Science, agriculture literacy focus of $100,000 gift to UNL |

Science, agriculture literacy focus of $100,000 gift to UNL

Lincoln, Neb. — To help more Nebraska students of all ages have an understanding of science and agriculture, Farm Credit Services of America (FCSAmerica) has given $100,000 to bolster the Science Literacy Initiative at the University of Nebraska–Lincoln.

Sunday with a Scientist

Students and families participate in a Sunday with a Scientist event at the University of Nebraska State Museum. UNL’s Science Literacy Initiative served as a guest presenter to help educate young people on topics relating to science, technology, engineering and math (STEM).

The gift made to the University of Nebraska Foundation will support the university’s efforts to integrate agriculture and natural resource education into pre-K through 12th grade curriculum through a combination of programs and research at the local, state, national and international levels.

“This gift will significantly enhance the initiative’s capacity to foster science literacy in Nebraska and beyond,” Cory Forbes, Science Literacy Initiative coordinator, said. “We’re deeply appreciative of Farm Credit’s generous support and thankful for its shared commitment to this important endeavor.”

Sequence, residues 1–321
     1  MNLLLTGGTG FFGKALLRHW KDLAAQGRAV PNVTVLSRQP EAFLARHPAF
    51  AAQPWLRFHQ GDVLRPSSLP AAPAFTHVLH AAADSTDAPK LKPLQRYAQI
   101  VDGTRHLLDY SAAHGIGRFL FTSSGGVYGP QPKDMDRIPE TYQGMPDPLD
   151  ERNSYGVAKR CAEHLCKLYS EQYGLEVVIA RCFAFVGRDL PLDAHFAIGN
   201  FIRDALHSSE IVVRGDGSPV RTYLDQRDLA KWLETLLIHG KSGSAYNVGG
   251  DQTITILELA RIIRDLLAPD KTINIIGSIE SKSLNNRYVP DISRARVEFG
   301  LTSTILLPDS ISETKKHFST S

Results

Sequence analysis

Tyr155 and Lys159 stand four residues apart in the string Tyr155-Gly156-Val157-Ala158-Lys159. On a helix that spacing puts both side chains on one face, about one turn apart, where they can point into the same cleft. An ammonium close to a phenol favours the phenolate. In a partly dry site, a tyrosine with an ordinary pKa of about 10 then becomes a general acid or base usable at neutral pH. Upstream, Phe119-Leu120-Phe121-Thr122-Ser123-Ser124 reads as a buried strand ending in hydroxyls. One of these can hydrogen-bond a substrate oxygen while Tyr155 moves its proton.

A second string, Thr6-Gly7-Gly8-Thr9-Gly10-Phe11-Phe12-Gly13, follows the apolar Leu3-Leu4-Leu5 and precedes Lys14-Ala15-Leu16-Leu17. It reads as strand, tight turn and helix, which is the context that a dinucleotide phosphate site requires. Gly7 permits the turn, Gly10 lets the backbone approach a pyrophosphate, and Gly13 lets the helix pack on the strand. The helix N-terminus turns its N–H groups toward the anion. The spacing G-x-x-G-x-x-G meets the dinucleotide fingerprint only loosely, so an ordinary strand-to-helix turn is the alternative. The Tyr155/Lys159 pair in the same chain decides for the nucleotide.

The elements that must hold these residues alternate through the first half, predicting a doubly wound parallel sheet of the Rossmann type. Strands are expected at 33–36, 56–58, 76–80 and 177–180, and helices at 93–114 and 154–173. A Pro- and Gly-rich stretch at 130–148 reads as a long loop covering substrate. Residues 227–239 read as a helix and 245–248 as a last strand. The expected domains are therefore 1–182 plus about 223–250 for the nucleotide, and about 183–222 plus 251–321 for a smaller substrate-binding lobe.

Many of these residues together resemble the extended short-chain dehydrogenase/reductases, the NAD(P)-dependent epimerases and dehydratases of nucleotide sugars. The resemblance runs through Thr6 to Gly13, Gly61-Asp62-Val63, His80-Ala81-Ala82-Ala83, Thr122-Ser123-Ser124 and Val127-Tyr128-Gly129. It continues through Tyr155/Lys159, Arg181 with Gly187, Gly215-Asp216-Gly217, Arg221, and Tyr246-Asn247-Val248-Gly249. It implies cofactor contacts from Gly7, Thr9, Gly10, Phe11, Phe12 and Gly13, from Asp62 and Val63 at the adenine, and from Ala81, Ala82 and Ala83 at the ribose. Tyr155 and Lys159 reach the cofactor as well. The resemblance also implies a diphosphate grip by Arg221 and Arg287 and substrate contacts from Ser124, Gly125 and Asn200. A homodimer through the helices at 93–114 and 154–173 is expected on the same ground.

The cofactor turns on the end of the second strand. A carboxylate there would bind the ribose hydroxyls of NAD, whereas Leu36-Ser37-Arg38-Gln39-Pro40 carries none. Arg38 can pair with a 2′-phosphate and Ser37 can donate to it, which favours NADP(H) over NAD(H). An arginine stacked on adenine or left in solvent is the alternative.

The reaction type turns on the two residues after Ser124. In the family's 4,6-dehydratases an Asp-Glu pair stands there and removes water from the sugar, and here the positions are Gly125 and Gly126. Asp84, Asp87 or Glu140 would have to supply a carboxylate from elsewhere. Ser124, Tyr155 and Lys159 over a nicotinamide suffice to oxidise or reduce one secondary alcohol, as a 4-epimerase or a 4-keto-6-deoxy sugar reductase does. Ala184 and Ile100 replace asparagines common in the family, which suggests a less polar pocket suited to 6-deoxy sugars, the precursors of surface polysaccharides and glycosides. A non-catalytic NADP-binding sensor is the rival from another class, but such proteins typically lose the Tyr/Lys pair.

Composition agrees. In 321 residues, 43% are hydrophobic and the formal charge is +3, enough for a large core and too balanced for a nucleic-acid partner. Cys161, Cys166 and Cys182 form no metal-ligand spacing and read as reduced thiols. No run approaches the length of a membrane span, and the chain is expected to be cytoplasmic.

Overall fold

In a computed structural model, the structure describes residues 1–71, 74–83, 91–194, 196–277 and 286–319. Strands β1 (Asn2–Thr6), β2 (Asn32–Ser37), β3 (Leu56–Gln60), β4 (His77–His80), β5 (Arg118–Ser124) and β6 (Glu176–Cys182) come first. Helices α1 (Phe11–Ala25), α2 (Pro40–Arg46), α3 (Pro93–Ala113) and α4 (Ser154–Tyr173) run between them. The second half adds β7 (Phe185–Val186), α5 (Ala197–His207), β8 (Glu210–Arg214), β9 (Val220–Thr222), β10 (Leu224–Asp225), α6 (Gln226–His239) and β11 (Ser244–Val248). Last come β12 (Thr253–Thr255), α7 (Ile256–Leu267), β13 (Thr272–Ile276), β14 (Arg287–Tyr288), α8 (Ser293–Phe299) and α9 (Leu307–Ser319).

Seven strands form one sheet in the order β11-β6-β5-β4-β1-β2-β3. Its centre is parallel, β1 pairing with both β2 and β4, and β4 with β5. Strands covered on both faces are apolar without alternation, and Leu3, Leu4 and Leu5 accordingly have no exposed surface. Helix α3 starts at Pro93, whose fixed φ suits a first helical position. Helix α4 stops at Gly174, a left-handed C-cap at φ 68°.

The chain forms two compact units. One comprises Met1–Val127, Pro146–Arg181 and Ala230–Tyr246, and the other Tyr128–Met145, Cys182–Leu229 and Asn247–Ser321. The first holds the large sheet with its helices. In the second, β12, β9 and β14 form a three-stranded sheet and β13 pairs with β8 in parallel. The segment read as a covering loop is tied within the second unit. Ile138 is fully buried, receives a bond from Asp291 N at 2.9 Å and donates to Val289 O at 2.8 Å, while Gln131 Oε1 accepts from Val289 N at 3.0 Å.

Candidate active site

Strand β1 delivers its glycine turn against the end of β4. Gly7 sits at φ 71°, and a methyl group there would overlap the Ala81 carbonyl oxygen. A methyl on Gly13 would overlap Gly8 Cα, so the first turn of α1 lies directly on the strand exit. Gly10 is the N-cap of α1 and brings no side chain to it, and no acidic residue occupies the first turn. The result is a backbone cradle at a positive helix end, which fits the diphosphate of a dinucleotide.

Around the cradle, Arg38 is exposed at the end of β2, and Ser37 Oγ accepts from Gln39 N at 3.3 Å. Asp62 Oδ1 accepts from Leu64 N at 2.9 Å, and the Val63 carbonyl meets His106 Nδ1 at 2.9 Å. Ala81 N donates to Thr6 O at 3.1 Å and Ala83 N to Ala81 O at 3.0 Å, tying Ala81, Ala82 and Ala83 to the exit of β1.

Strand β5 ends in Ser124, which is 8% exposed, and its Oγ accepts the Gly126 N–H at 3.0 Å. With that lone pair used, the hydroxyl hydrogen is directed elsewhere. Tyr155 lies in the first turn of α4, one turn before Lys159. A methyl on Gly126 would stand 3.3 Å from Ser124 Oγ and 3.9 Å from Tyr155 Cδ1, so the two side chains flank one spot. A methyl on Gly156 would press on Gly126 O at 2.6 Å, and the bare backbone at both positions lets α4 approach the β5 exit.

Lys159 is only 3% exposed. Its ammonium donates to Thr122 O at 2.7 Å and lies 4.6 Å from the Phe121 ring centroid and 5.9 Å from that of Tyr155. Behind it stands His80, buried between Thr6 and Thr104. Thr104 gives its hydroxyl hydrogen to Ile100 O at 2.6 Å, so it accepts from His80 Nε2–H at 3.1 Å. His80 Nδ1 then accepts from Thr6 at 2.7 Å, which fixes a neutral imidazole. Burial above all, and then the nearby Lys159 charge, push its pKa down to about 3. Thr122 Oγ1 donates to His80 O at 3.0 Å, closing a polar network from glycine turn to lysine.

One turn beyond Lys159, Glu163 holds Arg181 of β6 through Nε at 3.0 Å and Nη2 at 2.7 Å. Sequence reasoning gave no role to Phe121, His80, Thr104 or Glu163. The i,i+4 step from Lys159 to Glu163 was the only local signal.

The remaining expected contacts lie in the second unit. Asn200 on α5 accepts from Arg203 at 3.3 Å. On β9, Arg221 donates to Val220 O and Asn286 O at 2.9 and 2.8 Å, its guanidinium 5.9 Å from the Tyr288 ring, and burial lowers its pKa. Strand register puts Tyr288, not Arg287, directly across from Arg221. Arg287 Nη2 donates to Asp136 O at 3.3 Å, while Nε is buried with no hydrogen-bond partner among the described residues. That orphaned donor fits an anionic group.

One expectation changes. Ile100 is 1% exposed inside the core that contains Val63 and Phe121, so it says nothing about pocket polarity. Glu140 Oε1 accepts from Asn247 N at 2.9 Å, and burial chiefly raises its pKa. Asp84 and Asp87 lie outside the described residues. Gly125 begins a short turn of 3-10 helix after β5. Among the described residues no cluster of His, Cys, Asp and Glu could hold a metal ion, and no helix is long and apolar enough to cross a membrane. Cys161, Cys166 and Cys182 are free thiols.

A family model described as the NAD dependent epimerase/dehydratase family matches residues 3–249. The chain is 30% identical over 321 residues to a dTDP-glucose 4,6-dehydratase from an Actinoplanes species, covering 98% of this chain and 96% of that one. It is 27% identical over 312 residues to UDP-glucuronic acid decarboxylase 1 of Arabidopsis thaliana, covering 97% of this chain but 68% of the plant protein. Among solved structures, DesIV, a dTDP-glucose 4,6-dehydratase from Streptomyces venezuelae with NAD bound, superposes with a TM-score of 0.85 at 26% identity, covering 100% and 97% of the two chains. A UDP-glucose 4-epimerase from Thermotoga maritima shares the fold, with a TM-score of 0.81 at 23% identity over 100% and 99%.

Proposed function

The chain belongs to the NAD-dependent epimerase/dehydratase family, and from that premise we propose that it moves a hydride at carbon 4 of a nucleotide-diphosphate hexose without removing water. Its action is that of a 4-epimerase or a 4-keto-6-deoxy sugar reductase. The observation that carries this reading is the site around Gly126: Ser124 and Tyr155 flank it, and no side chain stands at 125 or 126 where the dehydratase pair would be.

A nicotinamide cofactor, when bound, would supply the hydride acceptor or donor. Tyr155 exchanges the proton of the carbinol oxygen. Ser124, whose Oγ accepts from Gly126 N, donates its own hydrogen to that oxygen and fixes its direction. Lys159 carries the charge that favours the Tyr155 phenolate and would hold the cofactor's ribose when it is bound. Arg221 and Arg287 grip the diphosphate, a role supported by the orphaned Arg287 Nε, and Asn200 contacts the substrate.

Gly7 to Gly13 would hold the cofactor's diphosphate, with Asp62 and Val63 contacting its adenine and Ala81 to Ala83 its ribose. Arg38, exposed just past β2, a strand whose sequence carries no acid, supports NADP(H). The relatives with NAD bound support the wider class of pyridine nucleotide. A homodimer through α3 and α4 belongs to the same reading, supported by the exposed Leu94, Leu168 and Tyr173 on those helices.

About making the gift, Bob Campbell, FCSAmerica senior vice president, said, “The University of Nebraska has a vital role in promoting science literacy as an important means of supporting the country’s food and agricultural workforce now and in in the future, which makes this contribution and investment especially meaningful for us and all those we serve.”

FCSAmerica is one of the region’s leading providers of credit and insurance services to farmers, ranchers, agribusiness and rural residents. Its gift for the Science Literacy Initiative is part of its centennial celebration, which is focused on supporting agriculture for the next 100 years.

The Science Literacy Initiative promotes a scientifically-literate society capable of making decisions grounded in science, technology, engineering and math (STEM) so individuals can address challenges associated with food, fuel, water and more. These efforts are being pursued through several multidisciplinary programs, including pre-K through 12th grade programs with learning experiences for students in formal and non-formal settings, professional development programs for teachers and education experiences for future teachers. More information about the Science Literacy Initiative is available at

The university’s science literacy efforts have also received federal support. UNL received a $50,000 grant in 2014 from the U.S. Department of Agriculture to launch the National Agricultural Literacy Center. The center works to promote the Science Literary Initiative and to develop K-12 STEM curriculum materials focusing on the science behind agriculture.

–UNL Extension